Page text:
Liz FrometLiz Froment enjoys spending her time on many projects, most importantly adventure media and tromping around the world whenever she gets the chance. During her downtime, Liz keeps her wanderlust under control by writing her travel blog, Two Weeks to Travel. Find out more about adventure media at LizFroment.com, and on Twitter @LFroment.


About The Author

Lauren Rains is the editor at large of Outdoor Minded Mag. She is struck by wanderlust, and spends most waking hours of her life either exploring the outdoors around the globe or working on various passion projects be it film to microadventures to cooking chili. You can read about her adventures in life, biz and travel on her blog TheMadToLive.com, and catch up with her on Twitter at @LaurRAINS.

12 Responses

  1. Harry Cloudfoot

    Great article OMM and Liz, thanks for the useful tips!
    As a slackliner, planning missions and expeditions is my first priority once I get some time off from teaching. I have some slacklining friends that are currently planning big highlining trips right now, so I will forward this article to them, and hopefully it will help them out a bit!

    • Liz Froment

      Thanks for your kind words, and forwarding it along, Harry!

    • Liz Froment

      Thanks for your kind words, and forwarding it along, Harry!

    • Lauren Rains

      So awesome Harry! I JUST got into slacklining and am almost at the point where I can walk across it without face planting the ground! The fall is always worth it! Cheers! – Laur from OMM

    • Harry Cloudfoot

      Lauren Rains So cool hearing of people's new slacklining experiences… You can walk already?That's awesome! How long do you think you have spent on the line (hours), roughly, out of interest?

    • Lauren Rains

      Harry Cloudfoot I'd say it probably took me, hmm, maybe 1-3 hours of practice to be able to walk several steps, but I'm still not perfectly comfortable up there. I bought some basic webbed slack off of amazon but it actually snapped recently! Have any recommendations for something more solid? I was learning on a 1 inch – maybe be better to get 2? Your thoughts? 🙂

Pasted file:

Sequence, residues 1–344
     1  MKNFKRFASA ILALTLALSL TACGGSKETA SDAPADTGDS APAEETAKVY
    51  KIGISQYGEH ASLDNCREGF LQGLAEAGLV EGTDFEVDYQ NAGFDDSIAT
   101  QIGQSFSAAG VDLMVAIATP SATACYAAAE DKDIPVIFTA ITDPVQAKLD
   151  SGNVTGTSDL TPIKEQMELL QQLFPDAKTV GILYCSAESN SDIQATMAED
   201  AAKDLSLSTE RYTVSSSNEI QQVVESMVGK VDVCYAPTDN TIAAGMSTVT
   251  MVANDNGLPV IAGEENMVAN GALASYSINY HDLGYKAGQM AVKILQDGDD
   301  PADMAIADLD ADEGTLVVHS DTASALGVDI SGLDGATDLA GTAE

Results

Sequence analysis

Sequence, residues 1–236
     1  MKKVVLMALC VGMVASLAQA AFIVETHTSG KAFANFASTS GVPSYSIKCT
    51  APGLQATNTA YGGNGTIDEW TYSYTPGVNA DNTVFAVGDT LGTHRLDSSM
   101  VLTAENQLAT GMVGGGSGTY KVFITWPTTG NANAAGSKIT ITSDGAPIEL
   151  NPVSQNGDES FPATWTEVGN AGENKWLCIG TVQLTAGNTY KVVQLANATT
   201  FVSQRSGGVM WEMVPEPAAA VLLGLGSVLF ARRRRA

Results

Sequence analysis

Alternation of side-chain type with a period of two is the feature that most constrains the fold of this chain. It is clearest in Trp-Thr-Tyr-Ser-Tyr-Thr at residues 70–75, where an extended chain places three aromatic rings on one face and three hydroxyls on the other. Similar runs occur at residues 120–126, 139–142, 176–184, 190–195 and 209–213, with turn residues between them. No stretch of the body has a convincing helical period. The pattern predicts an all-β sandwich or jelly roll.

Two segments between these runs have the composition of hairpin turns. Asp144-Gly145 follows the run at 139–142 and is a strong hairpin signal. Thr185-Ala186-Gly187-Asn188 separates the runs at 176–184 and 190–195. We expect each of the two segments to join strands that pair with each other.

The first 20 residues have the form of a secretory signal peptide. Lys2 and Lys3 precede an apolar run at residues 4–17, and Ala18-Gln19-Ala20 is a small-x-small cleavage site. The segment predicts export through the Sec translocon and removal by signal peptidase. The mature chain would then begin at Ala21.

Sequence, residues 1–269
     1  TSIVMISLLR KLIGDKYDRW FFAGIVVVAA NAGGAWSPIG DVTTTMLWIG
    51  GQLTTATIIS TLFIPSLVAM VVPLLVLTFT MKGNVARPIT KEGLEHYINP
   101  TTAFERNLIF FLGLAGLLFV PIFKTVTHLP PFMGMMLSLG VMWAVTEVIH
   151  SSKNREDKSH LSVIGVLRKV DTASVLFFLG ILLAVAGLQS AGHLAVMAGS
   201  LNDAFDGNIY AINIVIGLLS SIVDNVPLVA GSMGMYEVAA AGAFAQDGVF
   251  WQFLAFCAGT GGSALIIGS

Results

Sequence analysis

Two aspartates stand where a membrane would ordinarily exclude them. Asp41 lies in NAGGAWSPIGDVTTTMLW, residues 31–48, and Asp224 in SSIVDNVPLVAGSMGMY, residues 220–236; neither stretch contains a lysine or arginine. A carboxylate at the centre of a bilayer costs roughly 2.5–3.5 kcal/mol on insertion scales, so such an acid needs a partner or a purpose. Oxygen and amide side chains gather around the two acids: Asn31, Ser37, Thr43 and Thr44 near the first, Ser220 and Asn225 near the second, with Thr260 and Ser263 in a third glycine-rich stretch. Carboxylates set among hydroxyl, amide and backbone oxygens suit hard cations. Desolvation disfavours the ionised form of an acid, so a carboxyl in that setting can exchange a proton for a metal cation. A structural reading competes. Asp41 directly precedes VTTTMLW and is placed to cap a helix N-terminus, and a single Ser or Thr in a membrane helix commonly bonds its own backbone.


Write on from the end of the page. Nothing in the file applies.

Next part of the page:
2. Donna D'Errico

    I’m so glad I saw this article. Great info and advice! I have an expedition coming up in August and am on a shoestring budget…sponsors never even crossed my mind. I feel like a dummy! How much do you charge to rep people for their expeditions? Although maybe there’s not enough time left before mine to accomplish much!

  3. BicycleHobo

    Wow…thanks! I am just starting to tackle sponsorships for an upcoming trek and was really happy to find this article. I have bookmarked it and will reference it as I check tall the things off that you have suggested.

  4. andy

    Hi, very interesting read, had no idea Sean and Dave used a professional PR person!
    FYI The link to Liz’s site is broken.

  5. Cherie Smart

    So glad to hear of all the angles to getting sponsored. Me and my boyfriend are planning a backpacking trip to Africa, we would love to be sponsored! I guess I feel a bit nervousness I have no idea how to set up a website. I guess it's never to late to learn though. Should I try to get sponsored before or during the trip? Is it hard at first to start up all the media sites & advertising? What tips as a editor are magazines, newspaper and the like looking for when there is someone taking on a interesting adventure.

  6. Stacy Dixon

    Thank you so much for taking the time to write this article. I am currently traveling in Southeast Asia with a new project on the horizon. I am setting off for an expedition in May to sail from the west coast of Ireland to Greenland and am in charge of sourcing sponsorship for part of the crews funding, This article has helped me frame where to begin and where to aim.

    Gratitude to you and happy adventuring!